IMF warns coronavirus recession could be worse than 2009

Debt-burdened Americans, corporations were unprepared

Image Credits: Maja Hitij/Getty Images.

International Monetary Fund (IMF) has issued a grim warning for the global economy, saying that a worldwide recession caused by the ongoing coronavirus pandemic could be even worse than the one from 11 years ago.

“The outlook for global growth: for 2020 it is negative – a recession at least as bad as during the global financial crisis or worse. But we expect recovery in 2021,” the IMF Managing Director Kristalina Georgieva said, following a conference call of G20 finance ministers and central bank governors.

The IMF further warned that many emerging markets could be particularly severely hit by the economic downturn, and advocated “extraordinary fiscal actions” and measures to ease monetary policy.

Still, according to the organization, the recovery from a looming economic disaster could start as early as 2021.

“The economic impact is and will be severe, but the faster the virus stops, the quicker and stronger the recovery will be,” the IMF Managing Director Kristalina Georgieva said in a statement.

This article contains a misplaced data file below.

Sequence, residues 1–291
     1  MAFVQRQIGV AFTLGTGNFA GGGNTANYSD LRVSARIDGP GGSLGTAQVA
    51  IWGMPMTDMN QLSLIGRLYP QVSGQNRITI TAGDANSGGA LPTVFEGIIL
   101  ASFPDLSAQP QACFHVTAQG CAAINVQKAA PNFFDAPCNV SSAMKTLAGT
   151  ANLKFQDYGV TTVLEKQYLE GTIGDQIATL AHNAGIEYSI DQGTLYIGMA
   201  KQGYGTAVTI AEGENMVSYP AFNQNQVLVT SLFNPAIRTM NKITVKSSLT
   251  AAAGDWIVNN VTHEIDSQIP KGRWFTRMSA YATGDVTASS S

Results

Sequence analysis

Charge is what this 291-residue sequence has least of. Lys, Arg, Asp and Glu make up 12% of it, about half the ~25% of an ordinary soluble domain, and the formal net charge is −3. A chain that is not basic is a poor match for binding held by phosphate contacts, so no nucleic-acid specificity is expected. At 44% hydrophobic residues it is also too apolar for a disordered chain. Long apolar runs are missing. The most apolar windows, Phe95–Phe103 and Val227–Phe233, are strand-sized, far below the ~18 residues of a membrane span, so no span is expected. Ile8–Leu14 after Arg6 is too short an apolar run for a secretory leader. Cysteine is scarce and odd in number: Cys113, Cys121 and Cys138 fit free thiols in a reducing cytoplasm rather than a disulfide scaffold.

For its part, the IMF said it plans to “massively step up emergency finance” and stands “ready to deploy all our $1 trillion lending capacity” with particular focus on the poorest countries. Georgieva noted that almost 80 states had already requested IMF assistance.

The 2008 global financial crisis and the recession that followed, spreading into 2009 has so far been considered as the most severe worldwide economic disaster in the modern history. Some economists labelled it the most serious crisis since the Great Depression of the 1930s.

Started as a mortgage market crisis in the US, it soon developed in to an international banking crisis followed by a severe debt crisis in the EU, leading to strict austerity measures for such countries as Italy and Greece. Now, Italy is one of the nations most severely affected by the novel coronavirus. Brussels already allowed Rome to disregard the EU stability and growth pact regulating budgetary policy to fight the disease outbreak.



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